A group of North East and Yorkshire researchers have been awarded £1.98m in research funding from the National Institute for Health Research (NIHR).
The TIDE study is a collaboration between South Tees Hospitals NHS Foundation Trust, Northumbria Healthcare NHS Foundation Trust and the University of York. It hopes to discover if alternative treatments work as well as the current standard of care for the treatment of patients found to have Methicillin Resistant Staphylococcus Aureus (MRSA) on their bodies when they are admitted to hospital.
Bacteria such as Staphylococcus aureus (S. aureus) live on and around us without causing harm. However, some patients coming into hospital who carry S. aureus in the nose and skin are at increased risk of developing infections related to these bacteria. This can happen if they have other health conditions or illnesses that make them more susceptible to infection or if the bacteria get access to areas such as the site of surgery or a drip to give fluid or drugs. These infections are difficult to treat when a resistance to penicillin has built up, known as methicillin-resistant Staphylococcus aureus (MRSA). To reduce the risk of getting an infection while in hospital, many patients are routinely “decolonised” of the S. aureus bacteria. This usually involves the patient applying a nasal ointment three times daily for five days and using a body wash.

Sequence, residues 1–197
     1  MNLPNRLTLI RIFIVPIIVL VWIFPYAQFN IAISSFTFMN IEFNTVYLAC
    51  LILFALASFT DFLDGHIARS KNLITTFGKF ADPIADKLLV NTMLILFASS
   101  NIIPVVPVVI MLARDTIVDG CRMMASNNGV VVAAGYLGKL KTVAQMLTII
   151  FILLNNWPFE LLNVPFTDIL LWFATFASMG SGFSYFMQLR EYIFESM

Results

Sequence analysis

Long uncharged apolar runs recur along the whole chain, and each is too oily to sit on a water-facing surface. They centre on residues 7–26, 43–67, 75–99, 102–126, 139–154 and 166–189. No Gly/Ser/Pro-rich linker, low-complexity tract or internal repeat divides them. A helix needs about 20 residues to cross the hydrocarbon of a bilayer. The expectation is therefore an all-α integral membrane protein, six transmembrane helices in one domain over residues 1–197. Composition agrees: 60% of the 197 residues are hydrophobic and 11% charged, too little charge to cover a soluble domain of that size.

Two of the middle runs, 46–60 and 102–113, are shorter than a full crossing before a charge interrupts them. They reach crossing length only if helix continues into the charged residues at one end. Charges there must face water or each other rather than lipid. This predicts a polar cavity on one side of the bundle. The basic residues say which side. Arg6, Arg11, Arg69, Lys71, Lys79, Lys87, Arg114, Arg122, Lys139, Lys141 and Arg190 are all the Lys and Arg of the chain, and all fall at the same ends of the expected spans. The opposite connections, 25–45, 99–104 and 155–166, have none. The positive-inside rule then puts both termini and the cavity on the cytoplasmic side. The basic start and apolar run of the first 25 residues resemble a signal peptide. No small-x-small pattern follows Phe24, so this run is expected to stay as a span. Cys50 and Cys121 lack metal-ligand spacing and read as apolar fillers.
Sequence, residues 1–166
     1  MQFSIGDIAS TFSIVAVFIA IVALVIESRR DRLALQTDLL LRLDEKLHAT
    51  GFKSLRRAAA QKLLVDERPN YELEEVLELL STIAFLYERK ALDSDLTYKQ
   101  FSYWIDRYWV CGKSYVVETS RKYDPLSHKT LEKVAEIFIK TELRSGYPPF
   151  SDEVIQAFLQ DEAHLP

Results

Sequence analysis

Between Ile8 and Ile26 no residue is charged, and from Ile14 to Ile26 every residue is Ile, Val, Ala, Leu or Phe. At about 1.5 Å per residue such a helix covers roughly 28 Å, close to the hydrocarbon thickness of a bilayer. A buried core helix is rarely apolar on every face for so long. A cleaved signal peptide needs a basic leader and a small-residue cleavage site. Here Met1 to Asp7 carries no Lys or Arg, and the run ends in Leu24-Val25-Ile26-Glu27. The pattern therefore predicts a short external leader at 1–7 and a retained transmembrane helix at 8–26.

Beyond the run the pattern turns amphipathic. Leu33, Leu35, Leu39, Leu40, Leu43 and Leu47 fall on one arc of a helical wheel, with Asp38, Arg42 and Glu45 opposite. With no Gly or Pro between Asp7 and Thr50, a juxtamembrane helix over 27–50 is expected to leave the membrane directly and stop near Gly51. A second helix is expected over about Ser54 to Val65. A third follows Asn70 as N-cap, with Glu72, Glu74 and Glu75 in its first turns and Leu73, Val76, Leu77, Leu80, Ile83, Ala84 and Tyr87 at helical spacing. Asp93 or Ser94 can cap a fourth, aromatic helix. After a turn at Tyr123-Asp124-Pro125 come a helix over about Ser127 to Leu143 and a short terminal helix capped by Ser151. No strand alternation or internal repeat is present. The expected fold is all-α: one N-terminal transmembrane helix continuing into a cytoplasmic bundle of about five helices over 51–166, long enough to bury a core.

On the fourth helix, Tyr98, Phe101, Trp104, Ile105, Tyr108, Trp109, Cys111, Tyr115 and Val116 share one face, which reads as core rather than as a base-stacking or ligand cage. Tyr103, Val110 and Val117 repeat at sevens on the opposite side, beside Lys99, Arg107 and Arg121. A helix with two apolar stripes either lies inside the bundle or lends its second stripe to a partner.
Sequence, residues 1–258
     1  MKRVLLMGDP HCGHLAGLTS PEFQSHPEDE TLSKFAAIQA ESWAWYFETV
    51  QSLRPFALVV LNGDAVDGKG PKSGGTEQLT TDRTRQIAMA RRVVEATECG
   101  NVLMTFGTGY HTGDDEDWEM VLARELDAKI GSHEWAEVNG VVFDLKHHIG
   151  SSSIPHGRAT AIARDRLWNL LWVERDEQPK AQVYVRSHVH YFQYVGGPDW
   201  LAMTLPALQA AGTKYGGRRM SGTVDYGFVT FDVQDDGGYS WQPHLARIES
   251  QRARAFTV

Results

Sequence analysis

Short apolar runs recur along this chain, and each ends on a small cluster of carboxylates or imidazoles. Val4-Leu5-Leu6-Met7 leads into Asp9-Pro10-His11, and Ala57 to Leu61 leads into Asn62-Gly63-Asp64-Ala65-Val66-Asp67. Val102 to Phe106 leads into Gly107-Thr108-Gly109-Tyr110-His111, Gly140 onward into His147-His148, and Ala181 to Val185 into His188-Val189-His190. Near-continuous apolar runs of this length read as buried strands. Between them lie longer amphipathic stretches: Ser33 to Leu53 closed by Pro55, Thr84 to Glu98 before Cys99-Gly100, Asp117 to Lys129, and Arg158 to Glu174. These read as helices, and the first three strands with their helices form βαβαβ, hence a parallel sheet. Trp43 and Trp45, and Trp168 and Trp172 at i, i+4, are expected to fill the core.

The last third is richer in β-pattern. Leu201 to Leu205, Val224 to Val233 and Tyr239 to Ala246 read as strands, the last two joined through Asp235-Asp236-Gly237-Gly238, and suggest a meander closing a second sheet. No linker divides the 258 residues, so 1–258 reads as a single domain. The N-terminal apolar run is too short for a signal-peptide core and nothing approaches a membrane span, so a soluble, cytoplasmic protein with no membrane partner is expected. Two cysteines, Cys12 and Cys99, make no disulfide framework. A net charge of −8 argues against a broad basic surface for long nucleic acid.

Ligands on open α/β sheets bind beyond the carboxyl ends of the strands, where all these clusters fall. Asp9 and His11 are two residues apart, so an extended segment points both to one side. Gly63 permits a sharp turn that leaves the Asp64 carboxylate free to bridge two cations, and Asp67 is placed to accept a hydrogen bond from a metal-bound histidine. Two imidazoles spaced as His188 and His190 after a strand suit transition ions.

TIDE will compare three different types of nasal ointment, mupirocin (an antibiotic), polyhexanide gel (an antiseptic) or neomycin cream (an antibiotic) which will each be given alongside a chlorhexidine body wash.
Professor Mike Reed, consultant orthopaedic surgeon at Northumbria Healthcare NHS Trust who is clinical lead for the study, said: “We are delighted to have been awarded this prestigious National grant to run this project in collaboration with our research partners at South Tees Hospitals NHS Foundation Trust and the University of York.”
“There are growing concerns that some MRSA strains may be developing resistance to mupirocin which is our current first line treatment. It is not good to be relying on a single treatment and we need to find suitable alternatives. In this study we will look at two alternatives to find out if they are as effective as mupirocin.
Professor Catherine Hewitt, study co-lead and deputy director of York Trials Unit, added: “We will be recruiting patients to the trial from April 2022. The new study will take place over four and a half years with 3000 patients in over 20 NHS hospitals around the country.
“This randomised trial will assess how effective each of the treatments are at eradicating MRSA following a course of treatment and will provide information on whether they are a suitable alternative to mupirocin.”